Chevrolet Nomad Generation 1 348/360 1957

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Nomad Generation 1 348/360 1957





Chevrolet Nomad is a nameplate used by Chevrolet in North America from the 1950s to the 1970s, applied largely to station wagons. Three different Nomads were produced as a distinct model line, with Chevrolet subsequently using the name as a trim package.
Marketed as a halo model of the Chevrolet station wagon line for the Tri-Five series, the Nomad was repackaged as a station wagon counterpart of the Chevrolet Bel Air and Chevrolet Impala from 1958 to 1961. From 1968 to 1972, the Nomad returned as the base-trim Chevrolet Chevelle station wagon.
Making its debut on a 1954 concept car, the nameplate has again seen use by Chevrolet on multiple concept vehicles; none have reached production.
The Chevrolet Nomad was introduced in 1954 as part of the General Motors Motorama line of "dream cars" developed by GM head stylist Harley Earl. As a follow-up to the Chevrolet Corvette roadster and Chevrolet (Corvette) Corvair fastback of the year before, the Nomad was a "dream car" alongside the Pontiac Bonneville Special and Oldsmobile F-88; the latter two were experimental prototypes built on Corvette chassis.
Adopting the front fascia of the Corvette to a two-door wagon body, the Nomad shifted away from the utilitarian design of traditional station wagons, introducing a forward-slanting B-pillar and nearly wraparound rear windows.
Following a positive response to the Motorama design, GM approved the Nomad for 1955 production. As a prerequisite for approval, the design was to be adopted to the standard A-body Chevrolet chassis, both larger and more widely produced than the Corvette. The use of the A-body also allowed GM to produce the vehicle as a Pontiac,
While it is believed that GM ultimately destroyed the concept vehicle (as was common practice of the time), several reproductions of the Nomad concept exist today, mating Corvette front fascias to production Nomad bodies.
Sharing its roofline design nearly intact from the 1954 Motorama "dream car", the first version of the Nomad was produced as a "sport wagon" in a two-door body. While considered a distinct model line,the Nomad was trimmed in line with the Bel Air sedan, along with its badging.
The Nomad shared its body with the Pontiac Safari; sharing its chassis and roofline with the Nomad, the Safari differed primarily in its powertrain, front fascia, and interior.
1955 Chevrolets received all-new styling. Advertised as "The Hot One," the boxy new Chevy was crisp, clean, and thoroughly modern-looking, and its popularity was shared with the Tri-Five Chevrolets of this generation. Nomads, like Bel Airs, came loaded with interior carpet, chrome spears on front fenders, chrome window moldings, and full wheel covers. For 1955 Chevrolets gained a V8 engine option. The new 265 cu in (4.3 L) V8 featured a modern, overhead valve, high compression, short stroke design that was so good that it remained in production in various forms for many decades. The base V8 had a two-barrel carburetor and was rated at 162 horsepower (121 kW), and the "Power Pack" option featured a four-barrel carburetor and other upgrades yielding 180 brake horsepower (130 kW). Later in the year, a "Super Power Pack" option added high-compression and a further 15 brake horsepower (11 kW). It had room for six passengers.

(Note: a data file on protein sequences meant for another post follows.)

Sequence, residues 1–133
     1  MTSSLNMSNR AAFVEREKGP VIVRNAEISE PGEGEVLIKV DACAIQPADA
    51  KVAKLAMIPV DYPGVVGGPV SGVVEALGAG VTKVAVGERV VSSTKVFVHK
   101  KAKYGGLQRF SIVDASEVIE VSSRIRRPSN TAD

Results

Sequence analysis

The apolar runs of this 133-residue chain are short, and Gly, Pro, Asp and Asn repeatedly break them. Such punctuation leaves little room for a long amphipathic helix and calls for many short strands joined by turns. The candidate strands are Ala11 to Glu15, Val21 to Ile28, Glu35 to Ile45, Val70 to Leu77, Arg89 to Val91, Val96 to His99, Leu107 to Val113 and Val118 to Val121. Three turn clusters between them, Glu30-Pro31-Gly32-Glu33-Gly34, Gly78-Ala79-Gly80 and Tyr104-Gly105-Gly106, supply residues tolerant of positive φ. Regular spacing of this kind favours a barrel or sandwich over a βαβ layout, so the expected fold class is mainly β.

1956 Chevrolets received a face-lift. This gave Chevys a more conventional full-width grille, pleasing those customers who didn't like the Ferrari-inspired '55 front end. Nomads now carried the same interior and rear-wheel sheetmetal as other Bel Airs, lacking the original's unique trim. A padded dashboard was now available. For 1956 Chevys hid the gas cap behind a left side, flip-down tail light.
1957 V-8 engine displacement grew to 283 cubic inches (4,638 cc) from 265 in 1957, with the "Super Turbo Fire V8" option producing 283 horsepower (211 kW) with the help of continuous fuel injection. These so-called "fuelie" cars are quite rare, since most Bel Airs were fitted with carburation. While considered to be a milestone vehicle design, General Motors discontinued the original Nomad Sport Wagon at the end of the 1957 model year due to low sales and the introduction of a new body for 1958.

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